Column

New Report on Maternal Homicide Crisis: Myth-Making and Manbashing

By Glenn Sacks

"Pregnant women murdered at an alarming rate." "Killings of new, expectant mothers mount." "Many new or expectant mothers die violent deaths." "Violence trails expectant mothers." "Pregnant mothers often die of murder."

These headlines top a highly-publicized new series of articles by Donna St. George of the Washington Post. The series, which appeared in many major newspapers and media outlets this week, details an alleged epidemic of maternal homicide by male intimates.

The series powerfully depicts the tragedies of murdered expectant or new mothers. The mother-to-be killed the day her mother ordered the cake for her baby shower. The pregnant 14 year-old murdered by her 14 year-old ex-boyfriend. The bank manager killed because she wouldn’t convert to her husband’s religion before their twins were born. However, despite the emotion, alarm bells and blaring headlines, the series fails to build the case that maternal homicide is an epidemic, is on the rise, or is even a significant social problem.

According to the Post’s numbers, there are about 100 documented murders of pregnant women in the United States each year. Yet according to the Centers for Disease Control, nearly four million women give birth each year. One out of 40,000 is not an epidemic. The Post speculates that the true number could be significantly higher but also notes that 30% of these killings are not related to childbearing, but instead involve drug dealing, robberies, errant gunfire, or other causes. And some pregnant women are killed by other women, as in the recent Missouri murder of Bobbie Jo Stinnett by a woman who cut her live baby from her womb.

St. George and others point to a Journal of the American Medical Association article which states that in Maryland a "pregnant or recently pregnant woman is more likely to be a victim of homicide than to die of any other cause." This sounds alarming until one considers that there are an average of eight murders of pregnant women each year in Maryland–alongside 75,000 live births.

St. George also cites a study by the Massachusetts Department of Public Health which allegedly showed murder to be the biggest cause of death for pregnant women and new mothers. When this study was released the Boston Globe summarized its findings as follows:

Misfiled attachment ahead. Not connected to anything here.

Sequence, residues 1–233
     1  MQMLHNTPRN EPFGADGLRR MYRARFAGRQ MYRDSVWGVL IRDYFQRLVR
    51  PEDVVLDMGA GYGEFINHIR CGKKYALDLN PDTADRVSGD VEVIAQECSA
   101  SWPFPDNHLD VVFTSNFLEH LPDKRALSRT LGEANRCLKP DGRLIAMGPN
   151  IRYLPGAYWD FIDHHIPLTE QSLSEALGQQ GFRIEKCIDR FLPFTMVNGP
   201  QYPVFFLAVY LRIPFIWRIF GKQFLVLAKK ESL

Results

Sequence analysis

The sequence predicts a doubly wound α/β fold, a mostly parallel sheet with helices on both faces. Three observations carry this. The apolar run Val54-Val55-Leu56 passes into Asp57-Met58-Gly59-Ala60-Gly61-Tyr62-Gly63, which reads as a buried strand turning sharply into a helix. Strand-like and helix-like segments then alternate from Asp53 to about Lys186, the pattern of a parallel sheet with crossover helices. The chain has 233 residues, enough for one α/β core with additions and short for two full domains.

"Murder is the leading cause of death for Massachusetts mothers in the 21-month period from when they become pregnant until their babies reach their first birthday, according to a state review that shows domestic violence today is more dangerous than medical complications from childbirth."

However, when public health specialist Ned Holstein of the Mount Sinai School of Medicine examined the report, he found that murder was well down the list of alleged causes of maternal death. According to the study’s own data, the leading causes of death of pregnant or recently-pregnant women over a 10-year period were Medical conditions (152), Motor vehicle accidents (21), Domestic violence homicides (20), other homicides (10), and Miscellaneous (29). The epidemic of domestic violence-related homicides sweeping Massachusetts consists of an average of two deaths per year.

"The risk of murder by an intimate is extremely small, not an epidemic," says Holstein, a physician who also heads Fathers and Families of Massachusetts. "Although every death is tragic, murder of pregnant women simply does not rank as a significant public health problem."

St. George’s article series expresses commendable concern about battery of pregnant women but errs in claiming a link between domestic violence and pregnancy. According to longtime domestic violence researcher Richard J. Gelles, co-author of Behind Closed Doors, "to be pregnant alone doesn’t put a woman at risk."

"Women between the ages of 20 and 34 suffer the highest rate of domestic violence, and that is also the most likely age to be pregnant," he says. "Age is driving the risk, not pregnancy."

Unfortunately, alarmist claims of pregnant women being victimized by male partners are not new. For example, in 1993 Time magazine and many major newspapers reported that, according to the March of Dimes, domestic violence was the leading cause of birth defects. This claim was later found to be completely fictional, and was retracted by Time and others.

Similarly, the claim that "22 to 35 percent of women who visit medical emergency rooms are there for injuries related to domestic violence" has been echoed countless times by major media outlets and in politicians’ sound bytes. However, according to Emergency Room data collected by the Centers for Disease Control and the Justice Department, only about 1% of women’s injuries are inflicted by male intimates.

St. George uses anecdote and emotion in place of facts and research in order to find a mythical crisis of maternal homicide. It is another example of how legitimate concern for battered women often devolves into an alarmist and anti-male view of domestic violence and gender relations.

 

 

 

  • Lexington Herald-Leader
    Jan. 3, 2005
  • Cybercast News Service
    Jan. 10, 2005